I can see on the extended forecast that it will be raining in Hong Kong the day I arrive. Not that this particularly matters, since I’ll be in HK for about three hours before connecting to Bangkok (and then Delhi, and finally Kathmandu), but the fact that I can even see the date March 19th closely enough for a weather prediction is pretty exciting. Feeling so close to leaving (9 days!) has resulted in a frantic attempt to finish everything on my “to-do” list with rapid efficiency. With that list complete, and my bags packed I’m struggling to find things to do. I’ve researched the heck out of my itinerary, and everything is in order. So now, I wait.
I feel pretty neutral. I attribute this to feeling equal parts pure excitement and great nervousness about being on my own. So combined, I’m just somewhere in the middle emotionally. I’m hoping on this trip, as a part of being on my own to get better at being truly alone with no external focus to occupy my attention. No project usually equals slowly slipping into insanity. My mind is a scary place, truly, if it has nothing to focus on it sort of turns on itself. As a result relaxing is a puzzling idea for me. Put me on a beach for an hour with no book and I’ll spend that time planning out what I’m going to do after that hour is up. Or else, contemplating a variety of alternate paths my day, week, life could take. Or maybe virtually building my future kitchen and debating between burnt orange and slate for the tiling, which I will procure from Heath. My brain just won’t shut up. This is not a quality I enjoy.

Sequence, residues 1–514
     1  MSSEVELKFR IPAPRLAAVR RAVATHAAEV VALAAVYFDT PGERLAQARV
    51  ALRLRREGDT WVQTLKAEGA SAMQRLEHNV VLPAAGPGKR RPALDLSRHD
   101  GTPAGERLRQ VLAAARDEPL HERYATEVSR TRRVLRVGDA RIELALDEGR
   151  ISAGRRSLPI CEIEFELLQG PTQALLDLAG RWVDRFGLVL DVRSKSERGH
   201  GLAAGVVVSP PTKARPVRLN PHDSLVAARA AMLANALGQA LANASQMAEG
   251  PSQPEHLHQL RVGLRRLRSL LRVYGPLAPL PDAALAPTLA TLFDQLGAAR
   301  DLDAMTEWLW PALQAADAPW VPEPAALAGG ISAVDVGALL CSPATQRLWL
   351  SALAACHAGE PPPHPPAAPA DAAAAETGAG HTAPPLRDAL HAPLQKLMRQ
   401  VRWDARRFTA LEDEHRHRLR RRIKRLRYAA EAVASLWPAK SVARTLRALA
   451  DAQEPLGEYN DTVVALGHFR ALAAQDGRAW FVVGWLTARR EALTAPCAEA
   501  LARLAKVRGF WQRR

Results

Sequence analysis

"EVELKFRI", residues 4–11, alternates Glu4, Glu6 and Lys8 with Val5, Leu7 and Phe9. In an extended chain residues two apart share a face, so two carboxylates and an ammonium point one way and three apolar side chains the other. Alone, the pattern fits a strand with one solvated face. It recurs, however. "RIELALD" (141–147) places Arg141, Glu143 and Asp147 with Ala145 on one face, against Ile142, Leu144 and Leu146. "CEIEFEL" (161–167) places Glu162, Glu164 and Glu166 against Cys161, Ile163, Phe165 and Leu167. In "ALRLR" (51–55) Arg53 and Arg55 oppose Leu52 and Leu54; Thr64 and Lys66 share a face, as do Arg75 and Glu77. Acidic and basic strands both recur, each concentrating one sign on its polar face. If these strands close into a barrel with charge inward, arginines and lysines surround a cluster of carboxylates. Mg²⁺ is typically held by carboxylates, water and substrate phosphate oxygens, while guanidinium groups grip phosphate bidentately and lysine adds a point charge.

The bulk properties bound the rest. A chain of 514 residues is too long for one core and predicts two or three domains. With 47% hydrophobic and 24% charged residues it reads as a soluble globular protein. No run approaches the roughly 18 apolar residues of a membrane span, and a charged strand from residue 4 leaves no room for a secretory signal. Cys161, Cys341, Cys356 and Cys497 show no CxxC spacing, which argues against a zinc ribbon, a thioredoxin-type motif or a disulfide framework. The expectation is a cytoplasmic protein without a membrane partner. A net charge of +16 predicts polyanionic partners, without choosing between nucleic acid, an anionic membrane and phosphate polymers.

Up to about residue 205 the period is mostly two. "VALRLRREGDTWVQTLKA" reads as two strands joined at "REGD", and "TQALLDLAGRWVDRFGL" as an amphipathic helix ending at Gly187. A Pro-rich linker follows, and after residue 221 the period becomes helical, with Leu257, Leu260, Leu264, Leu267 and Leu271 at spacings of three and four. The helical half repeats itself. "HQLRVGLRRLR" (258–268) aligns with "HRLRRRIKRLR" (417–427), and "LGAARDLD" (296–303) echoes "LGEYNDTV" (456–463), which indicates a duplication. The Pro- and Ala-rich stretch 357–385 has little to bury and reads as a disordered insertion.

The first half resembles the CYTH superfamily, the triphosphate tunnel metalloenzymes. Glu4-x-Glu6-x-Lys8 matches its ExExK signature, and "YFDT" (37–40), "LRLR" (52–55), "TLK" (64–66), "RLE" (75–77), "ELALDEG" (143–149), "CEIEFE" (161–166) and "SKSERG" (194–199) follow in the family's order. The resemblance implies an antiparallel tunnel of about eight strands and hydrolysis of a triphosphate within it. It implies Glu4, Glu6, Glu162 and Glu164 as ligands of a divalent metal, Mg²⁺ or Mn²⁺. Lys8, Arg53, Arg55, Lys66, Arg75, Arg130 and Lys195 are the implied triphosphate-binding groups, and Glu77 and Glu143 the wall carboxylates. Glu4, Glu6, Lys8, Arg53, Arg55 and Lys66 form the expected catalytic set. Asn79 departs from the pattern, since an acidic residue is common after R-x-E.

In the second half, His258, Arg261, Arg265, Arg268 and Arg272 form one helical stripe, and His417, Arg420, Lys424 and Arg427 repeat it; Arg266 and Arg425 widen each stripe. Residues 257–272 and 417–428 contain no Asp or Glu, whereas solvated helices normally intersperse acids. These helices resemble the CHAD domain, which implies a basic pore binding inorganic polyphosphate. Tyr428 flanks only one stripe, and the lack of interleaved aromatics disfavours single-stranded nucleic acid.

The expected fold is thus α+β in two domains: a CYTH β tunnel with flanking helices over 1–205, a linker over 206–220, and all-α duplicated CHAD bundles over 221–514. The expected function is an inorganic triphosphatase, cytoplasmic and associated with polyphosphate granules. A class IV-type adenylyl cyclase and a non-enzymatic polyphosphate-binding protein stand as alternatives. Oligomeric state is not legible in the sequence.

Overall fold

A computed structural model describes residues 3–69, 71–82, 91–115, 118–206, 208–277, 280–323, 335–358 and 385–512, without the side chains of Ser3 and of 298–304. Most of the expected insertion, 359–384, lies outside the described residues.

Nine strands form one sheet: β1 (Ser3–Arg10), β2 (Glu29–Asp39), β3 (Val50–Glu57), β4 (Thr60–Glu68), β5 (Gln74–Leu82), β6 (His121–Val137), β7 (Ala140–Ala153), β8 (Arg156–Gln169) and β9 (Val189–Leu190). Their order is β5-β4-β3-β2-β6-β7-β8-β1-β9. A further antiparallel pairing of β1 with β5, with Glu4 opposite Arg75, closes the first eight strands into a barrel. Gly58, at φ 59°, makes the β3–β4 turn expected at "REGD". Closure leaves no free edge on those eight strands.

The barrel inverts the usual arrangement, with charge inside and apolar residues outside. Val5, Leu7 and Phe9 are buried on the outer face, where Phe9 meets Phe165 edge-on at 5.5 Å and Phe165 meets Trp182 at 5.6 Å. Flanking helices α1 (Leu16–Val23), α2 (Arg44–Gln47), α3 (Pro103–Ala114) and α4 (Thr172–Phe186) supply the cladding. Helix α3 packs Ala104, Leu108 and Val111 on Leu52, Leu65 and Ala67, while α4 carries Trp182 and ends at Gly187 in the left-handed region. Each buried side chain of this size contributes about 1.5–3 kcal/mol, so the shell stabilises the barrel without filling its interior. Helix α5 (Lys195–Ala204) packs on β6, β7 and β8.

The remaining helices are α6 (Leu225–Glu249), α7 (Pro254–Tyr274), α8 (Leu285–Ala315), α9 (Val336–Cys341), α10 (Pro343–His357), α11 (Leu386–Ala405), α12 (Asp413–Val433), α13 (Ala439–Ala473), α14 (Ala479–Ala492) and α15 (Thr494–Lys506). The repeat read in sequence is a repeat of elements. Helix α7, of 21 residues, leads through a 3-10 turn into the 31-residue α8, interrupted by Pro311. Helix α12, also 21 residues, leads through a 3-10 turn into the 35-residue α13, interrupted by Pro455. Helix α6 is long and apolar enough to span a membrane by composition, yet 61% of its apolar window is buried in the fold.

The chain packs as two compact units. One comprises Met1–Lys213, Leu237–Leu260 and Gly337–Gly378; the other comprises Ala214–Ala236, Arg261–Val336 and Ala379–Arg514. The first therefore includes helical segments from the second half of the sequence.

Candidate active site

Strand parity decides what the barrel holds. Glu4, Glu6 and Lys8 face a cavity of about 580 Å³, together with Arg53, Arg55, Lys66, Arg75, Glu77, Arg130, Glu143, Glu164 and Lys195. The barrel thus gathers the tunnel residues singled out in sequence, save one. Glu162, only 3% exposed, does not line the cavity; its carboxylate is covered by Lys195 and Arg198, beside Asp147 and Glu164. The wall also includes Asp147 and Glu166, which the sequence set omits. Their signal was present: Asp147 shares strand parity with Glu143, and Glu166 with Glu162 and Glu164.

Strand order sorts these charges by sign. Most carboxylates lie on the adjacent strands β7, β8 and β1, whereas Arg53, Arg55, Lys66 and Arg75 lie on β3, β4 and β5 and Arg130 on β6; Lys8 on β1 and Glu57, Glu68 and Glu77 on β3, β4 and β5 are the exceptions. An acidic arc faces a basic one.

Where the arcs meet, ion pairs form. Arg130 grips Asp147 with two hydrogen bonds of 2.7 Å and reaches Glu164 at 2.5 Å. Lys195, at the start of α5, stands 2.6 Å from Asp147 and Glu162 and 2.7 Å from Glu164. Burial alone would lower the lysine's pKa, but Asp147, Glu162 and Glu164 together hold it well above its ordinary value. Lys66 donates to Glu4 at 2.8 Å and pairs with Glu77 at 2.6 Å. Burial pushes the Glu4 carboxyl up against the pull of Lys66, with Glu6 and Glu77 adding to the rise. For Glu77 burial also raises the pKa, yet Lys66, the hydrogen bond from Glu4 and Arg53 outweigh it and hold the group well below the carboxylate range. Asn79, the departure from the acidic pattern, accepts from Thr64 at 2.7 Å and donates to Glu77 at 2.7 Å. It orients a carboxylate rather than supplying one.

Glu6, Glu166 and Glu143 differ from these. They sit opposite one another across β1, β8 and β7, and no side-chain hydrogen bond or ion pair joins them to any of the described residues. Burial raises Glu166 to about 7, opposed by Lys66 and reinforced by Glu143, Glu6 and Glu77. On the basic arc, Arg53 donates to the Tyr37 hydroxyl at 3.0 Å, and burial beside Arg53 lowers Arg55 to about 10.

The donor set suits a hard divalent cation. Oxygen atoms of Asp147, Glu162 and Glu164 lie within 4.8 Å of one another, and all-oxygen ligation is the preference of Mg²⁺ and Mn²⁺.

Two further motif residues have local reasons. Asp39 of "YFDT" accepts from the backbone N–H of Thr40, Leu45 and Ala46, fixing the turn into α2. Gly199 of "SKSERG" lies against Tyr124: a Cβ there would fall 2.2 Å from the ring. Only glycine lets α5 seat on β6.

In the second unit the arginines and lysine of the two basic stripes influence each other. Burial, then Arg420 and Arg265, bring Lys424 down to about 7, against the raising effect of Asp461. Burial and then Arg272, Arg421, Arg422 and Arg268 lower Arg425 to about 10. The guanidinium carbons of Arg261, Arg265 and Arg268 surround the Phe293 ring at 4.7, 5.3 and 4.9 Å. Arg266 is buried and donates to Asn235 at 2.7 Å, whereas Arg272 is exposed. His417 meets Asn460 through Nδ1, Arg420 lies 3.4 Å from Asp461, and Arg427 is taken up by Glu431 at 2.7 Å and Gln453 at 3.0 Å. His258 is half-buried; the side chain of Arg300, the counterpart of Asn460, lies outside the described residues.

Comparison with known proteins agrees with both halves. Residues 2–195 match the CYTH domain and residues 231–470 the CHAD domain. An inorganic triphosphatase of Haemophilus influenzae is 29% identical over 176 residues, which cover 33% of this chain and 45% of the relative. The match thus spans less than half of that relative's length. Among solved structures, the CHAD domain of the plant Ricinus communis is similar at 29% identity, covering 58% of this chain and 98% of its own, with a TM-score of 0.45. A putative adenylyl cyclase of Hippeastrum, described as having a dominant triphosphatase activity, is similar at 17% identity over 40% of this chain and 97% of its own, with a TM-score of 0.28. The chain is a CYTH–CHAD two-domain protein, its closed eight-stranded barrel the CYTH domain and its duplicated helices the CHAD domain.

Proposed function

I want to be better at being alone. Alone physically (no people I know) and mentally (other stimulation-like TV or the interwebs). I realize, like much of my generation, I’ve lost touch with this basic human ability and even grown to fear it. While eating at a restaurant or going to a movie alone doesn’t bother me (because stimulation of some sort exists) the idea of spending an entire week alone somewhere (like a beach with no electricity) actually really freaks me out. Either, I would get over this fear of loneliness, or go totally crazy. My bets are on the latter. It’s almost like I fear myself.
An interesting side effect of travel has been this new need to eradicate myself of fear-not of the rational sense, like fire or giant snakes-but of the socially or personally inflicted variety. If I’m afraid of being alone, I want to be alone to fix that. If I’m afraid of heights I want to skydive (I am, and I do!), if I’m afraid of commitment, I want to commit to something more permanent (this being my ultimate struggle-I’m working on it…). I just don’t want to ever hold myself back from something fulfilling, or exciting, and potentially life changing. Loneliness is on the top of my list for this trip. And what better way to tackle the fear than to throw myself into a foreign country where I don’t know anyone or speak the language?
It makes me nervous, naturally, but nervousness is just a precursor to growth right? Provided the nervousness doesn’t win, of course.
Now to just hurdle myself from a 160m high bridge attached only by a rope. Yeah…we’ll see. Baby steps.